Club eases strain of stroke sufferers
THE impact is sudden and traumatic and for those that survive the path to recovery can be long and arduous.A stroke is the third biggest killer and leading cause of severe disability in Britain, having an immense impact on the lives of previously healthy people.
THE impact is sudden and traumatic and for those that survive the path to recovery can be long and arduous.
A stroke is the third biggest killer and leading cause of severe disability in Britain, having an immense impact on the lives of previously healthy people.
The Great Yarmouth branch of the Stroke Association Communication Group aims to ease some of the strain experienced by both sufferers and carers.
The weekly meetings provide somewhere for members to have a laugh, chat and socialise, helping overcome the sense of isolation often caused by a stroke.
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Jack Pollard, from Gorleston, has struggled for the last four years to regain his speech, mobility and memory since suffering a stroke.
Those difficulties have been eased by the friends the 58 year old has made amongst the fellow members and volunteers at the club.
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“I have met people in the same situation as me here and if it was not for this club I don't think I would have made the recovery I have,” he said.
“It is a way back into the outside world, made me more positive and helped overcome the feeling that I can't do anything any more.
“We have a quiz or game of cards and then stop for a cup of tea. If it is sunny we go outside, which soon makes things seem a lot better.
“If I won the lottery then I would donate the winnings to the Stroke Association, because it does such wonderful job.
“I am so grateful to the volunteers here who come and give their time, it is wonderful just to be able to sit down and have a laugh and joke.
“It has helped me with my speech and given me a wider perspective seeing how other people cope with a stroke.”
Trained carpenter, Mr Pollard was paralysed down the right side and lost his speech when he suffered a stroke in 2004.
A previously healthy man, he had to call on all his reserves of willpower to try and improve his quality of life.
“It turned my life upside down overnight, when I came back from hospital I could not walk or talk so I really had to learn to do everything from scratch again,” he said.
“That's where my family came in, my wife Kathy has been a tremendous support and my young grand-daughter has helped me through.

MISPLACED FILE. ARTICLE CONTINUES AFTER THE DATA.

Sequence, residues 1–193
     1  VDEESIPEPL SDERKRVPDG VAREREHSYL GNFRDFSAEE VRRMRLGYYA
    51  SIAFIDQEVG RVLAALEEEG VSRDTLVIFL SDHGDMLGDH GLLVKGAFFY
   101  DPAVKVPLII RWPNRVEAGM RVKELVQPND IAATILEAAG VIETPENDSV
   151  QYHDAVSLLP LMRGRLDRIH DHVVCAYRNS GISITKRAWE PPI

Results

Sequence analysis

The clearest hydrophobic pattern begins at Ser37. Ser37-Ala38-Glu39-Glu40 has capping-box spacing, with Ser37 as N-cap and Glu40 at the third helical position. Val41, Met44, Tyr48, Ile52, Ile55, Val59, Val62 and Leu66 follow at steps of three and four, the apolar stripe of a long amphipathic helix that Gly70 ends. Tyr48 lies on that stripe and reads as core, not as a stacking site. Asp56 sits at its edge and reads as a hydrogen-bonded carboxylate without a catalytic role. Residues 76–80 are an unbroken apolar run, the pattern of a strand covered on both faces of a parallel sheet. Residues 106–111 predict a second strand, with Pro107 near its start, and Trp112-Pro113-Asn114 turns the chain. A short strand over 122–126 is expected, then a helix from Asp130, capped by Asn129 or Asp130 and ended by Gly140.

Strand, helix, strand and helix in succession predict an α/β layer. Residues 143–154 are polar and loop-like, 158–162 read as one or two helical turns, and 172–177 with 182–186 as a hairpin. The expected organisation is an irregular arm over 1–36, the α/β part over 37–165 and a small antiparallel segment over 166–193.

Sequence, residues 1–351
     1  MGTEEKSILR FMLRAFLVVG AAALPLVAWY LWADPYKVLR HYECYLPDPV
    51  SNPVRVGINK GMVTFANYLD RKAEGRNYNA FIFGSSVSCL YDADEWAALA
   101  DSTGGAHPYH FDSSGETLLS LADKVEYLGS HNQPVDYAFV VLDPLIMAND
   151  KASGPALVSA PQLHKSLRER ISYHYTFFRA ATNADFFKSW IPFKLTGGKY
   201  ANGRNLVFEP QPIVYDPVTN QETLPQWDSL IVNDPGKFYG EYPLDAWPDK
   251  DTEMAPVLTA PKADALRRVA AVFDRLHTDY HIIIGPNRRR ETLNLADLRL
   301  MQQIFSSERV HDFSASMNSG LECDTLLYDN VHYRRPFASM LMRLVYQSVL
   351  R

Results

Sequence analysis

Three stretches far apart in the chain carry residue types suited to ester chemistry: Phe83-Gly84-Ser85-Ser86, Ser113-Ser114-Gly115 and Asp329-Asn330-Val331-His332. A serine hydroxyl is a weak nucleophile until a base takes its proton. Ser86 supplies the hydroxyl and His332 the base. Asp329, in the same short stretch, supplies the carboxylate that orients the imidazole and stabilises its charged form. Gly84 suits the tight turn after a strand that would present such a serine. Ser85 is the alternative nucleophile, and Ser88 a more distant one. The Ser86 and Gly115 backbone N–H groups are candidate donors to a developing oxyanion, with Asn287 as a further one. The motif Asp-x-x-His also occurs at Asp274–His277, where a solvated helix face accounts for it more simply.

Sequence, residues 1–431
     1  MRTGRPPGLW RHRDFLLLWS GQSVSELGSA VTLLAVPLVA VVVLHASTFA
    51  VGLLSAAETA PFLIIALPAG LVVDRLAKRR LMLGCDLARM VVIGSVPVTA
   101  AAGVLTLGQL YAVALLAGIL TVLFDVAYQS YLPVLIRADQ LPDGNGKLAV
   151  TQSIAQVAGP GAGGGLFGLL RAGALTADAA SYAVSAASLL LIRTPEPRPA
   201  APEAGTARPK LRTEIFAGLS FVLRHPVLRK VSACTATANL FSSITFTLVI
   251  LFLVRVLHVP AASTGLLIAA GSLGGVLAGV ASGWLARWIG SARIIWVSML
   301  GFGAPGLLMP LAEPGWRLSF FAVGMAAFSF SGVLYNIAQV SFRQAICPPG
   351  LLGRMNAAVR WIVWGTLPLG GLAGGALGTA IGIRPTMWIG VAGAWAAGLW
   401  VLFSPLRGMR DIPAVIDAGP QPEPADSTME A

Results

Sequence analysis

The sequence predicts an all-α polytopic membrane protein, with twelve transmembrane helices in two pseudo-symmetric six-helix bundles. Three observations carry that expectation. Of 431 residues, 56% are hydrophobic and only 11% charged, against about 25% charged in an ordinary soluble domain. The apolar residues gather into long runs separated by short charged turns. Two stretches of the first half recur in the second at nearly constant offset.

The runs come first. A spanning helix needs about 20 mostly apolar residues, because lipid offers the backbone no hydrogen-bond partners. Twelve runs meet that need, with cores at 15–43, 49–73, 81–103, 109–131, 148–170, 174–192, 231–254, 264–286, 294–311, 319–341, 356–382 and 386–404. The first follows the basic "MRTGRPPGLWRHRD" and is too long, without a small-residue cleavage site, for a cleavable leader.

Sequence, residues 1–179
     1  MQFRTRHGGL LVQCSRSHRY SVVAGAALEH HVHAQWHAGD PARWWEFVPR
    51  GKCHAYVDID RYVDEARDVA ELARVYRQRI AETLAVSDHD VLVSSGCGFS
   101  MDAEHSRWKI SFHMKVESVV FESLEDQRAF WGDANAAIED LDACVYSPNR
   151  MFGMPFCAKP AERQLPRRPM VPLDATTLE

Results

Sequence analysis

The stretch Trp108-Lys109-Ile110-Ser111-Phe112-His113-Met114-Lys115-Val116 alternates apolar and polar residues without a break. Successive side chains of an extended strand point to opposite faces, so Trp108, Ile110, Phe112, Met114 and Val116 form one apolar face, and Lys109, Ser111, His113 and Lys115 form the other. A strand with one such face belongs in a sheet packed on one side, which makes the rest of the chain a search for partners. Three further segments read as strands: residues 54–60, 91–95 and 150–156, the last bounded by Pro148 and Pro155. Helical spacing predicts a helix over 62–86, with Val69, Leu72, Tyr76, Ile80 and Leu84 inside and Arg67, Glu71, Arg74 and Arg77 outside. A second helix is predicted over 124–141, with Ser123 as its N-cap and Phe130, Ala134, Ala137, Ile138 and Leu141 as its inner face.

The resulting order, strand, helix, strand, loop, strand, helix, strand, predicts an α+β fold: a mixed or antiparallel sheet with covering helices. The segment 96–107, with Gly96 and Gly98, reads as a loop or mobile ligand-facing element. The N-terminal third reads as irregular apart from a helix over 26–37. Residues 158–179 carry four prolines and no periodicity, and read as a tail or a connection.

“Having a stroke made me realise how much I took for granted before when everything was handed to me on a plate.
“I can't work any longer and am not able to drive because of the medication that I am taking.
“Before my stroke I used to like riding motorbikes, but now just have to make do with watching them-I still have a lot of enthusiasm for life which has kept me going.
“It's important to be positive, my condition is not as bad as some others who are stuck in a wheelchair and don't have any speech at all.”
The group, which meets at Centre 81 in Tar Works Road and also in Beccles and Lowestoft has about 40 members and relies on a dedicated team of volunteers.
Maisie Leggett is amongst those who give up their time and energy to help keep the club running.
“I had retired and wanted to give something back, it is very frustrating for stroke victims and there are not enough speech therapists about,” she said.
“The club provides a respite for families, gives them a bit of a rest, having a stroke makes it difficult to mix or go out. It is very easy to get depressed. If they didn't come to the meetings they would not do half the things they do.”
For more information about the club call Bridget Lowe on 07717275775.
Stroke facts and figures
·Every year an estimated 150,000 people in the UK have a stroke, 1000 of whom are under 30.
·A stroke is caused by blood supply to part of the brain being cut off.
·Because the brain controls body function and communication a stroke can affect mobility and speech.
·There are two main causes of a stroke.
·The most common is an ischaemic stroke when a clot blocks an artery that carries blood to the brain.
·The second type is a bleed when a blood vessel bursts causing a haemorrhage in the brain.